This section includes reports by governmental agencies and entities on domestic and international human trafficking. Resources are divided into two subsections – U.S. Reports and International Reports.
Sources of U.S. Reports include:
- President's Interagency Task Force to Monitor and Combat Trafficking in Persons
- Department of Justice
Sources of International Reports include:
- Department of State
- International Organization for Migration (the leading inter-governmental organization in the field of migration that works closely with governmental, intergovernmental and non-governmental partners)
- United Nations Office on Drugs and Crime
Topics covered include the Federal Strategic Action Plan on Services for Victims of Human Trafficking in the U.S. through 2017, which "lays out a 5-year path for further strengthening coordination, collaboration, and capacity across governmental and nongovernmental entities dedicated to providing support to the victims of human trafficking," as well as related strategic efforts and action plans by the government designed to expand victim assistance in the U.S. Also included are reports on trafficking in other countries designed to shed light on the issue within the international community.
The Anti-Trafficking in Persons Program (ATIP) of the Office of Refugee Resettlement “identifies and serves victims of human trafficking, assisting foreign trafficking victims in the United States to become eligible for public benefits and services to the same extent as refugees. The program also raises awareness of human trafficking through the HHS Rescue & Restore Victims of Human Trafficking campaign. The intent of the campaign is to increase the identification of trafficking victims in the United States and to help those victims receive the benefits and services they need to restore their lives.”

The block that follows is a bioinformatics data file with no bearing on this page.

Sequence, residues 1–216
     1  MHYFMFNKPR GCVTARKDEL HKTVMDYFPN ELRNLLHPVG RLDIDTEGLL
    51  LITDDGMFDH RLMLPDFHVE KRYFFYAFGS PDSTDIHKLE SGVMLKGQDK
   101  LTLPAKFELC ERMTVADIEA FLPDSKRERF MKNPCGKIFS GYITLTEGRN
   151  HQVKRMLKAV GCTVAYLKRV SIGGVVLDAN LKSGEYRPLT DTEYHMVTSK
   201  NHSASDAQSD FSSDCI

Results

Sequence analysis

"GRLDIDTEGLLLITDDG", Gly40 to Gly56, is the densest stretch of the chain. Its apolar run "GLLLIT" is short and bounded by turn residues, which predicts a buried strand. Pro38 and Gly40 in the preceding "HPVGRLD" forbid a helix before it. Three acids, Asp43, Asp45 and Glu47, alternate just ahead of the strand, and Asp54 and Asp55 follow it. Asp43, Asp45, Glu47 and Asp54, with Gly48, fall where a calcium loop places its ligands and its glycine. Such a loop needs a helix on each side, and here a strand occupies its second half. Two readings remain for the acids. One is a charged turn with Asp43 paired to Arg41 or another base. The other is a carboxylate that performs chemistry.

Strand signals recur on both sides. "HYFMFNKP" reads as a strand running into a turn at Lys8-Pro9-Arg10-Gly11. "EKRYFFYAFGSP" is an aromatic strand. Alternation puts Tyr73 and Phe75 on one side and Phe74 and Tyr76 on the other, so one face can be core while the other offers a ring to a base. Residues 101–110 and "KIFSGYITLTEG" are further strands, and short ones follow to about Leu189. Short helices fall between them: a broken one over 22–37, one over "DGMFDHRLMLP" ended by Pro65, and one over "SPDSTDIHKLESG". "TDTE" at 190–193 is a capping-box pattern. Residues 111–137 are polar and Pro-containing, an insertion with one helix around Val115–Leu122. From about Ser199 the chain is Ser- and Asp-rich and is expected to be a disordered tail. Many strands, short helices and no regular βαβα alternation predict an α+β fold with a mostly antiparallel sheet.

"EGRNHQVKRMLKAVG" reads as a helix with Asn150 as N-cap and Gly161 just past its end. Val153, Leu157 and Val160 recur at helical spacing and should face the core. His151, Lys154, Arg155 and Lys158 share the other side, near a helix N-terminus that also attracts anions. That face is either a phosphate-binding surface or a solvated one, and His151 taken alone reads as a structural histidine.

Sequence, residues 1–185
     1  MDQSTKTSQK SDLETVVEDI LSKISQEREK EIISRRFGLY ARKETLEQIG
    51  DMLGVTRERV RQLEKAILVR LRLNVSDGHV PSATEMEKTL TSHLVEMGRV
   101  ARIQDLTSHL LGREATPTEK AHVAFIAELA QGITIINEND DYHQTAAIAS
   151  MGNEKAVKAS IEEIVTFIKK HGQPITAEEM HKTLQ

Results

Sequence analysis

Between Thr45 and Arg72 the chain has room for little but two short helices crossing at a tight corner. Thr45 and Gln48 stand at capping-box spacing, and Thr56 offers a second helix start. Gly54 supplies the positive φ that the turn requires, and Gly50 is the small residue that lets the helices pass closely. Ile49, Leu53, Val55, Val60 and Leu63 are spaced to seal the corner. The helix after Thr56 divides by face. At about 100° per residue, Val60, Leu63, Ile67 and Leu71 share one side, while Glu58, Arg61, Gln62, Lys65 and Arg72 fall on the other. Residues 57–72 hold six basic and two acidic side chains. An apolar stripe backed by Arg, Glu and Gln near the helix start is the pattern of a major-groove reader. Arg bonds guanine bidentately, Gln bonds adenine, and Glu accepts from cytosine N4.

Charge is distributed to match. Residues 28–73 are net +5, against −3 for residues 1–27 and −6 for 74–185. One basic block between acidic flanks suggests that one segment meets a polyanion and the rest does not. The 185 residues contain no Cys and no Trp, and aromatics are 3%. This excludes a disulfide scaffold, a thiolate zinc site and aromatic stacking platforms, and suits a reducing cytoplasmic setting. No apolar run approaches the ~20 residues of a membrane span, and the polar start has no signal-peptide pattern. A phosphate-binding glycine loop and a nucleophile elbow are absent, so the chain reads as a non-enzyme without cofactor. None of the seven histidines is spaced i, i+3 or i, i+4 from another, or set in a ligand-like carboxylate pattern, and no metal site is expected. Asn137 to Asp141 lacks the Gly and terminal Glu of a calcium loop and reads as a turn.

Administered by the United Nations Office on Drugs and Crime (UNODC), the United Nations Voluntary Trust Fund for Victims of Human Trafficking "will support actual, on-the-ground humanitarian, legal and financial aid to victims of trafficking through a range of avenues, including governmental, inter-governmental and civil society organizations.The Victims' Trust Fund has one primary objective: to provide the opportunity for people from all walks of life including Governments, the private sector, international organizations, NGOs and individuals to work together to help victims of human trafficking in a practical and tangible manner." In 2011, the Victims' Trust Fund awarded multi-year grants of up to US $25,000 per year for a maximum of three years to grassroots non-governmental organizations that directly assist victims and survivors of human trafficking in countries around the world. Testimonials of victims whose lives have been changed by the work of the grantees can be found here.
Girl for Sale: Trafficking Maps by American Poetry Museum and Girl Museum (2013)
Human trafficking occurs all over the world. In North America, there are over a dozen major trafficking hubs. This means that people, primarily girls and women, are brought from all over the world—by boat, airplane or car. The traffickers use false passports and paperwork so that the origin and identities of the girls are concealed or lost. They are then on sold to others who distribute them, just like any other commodity.
This interactive trafficking maps showing North American trafficking routes and hubs.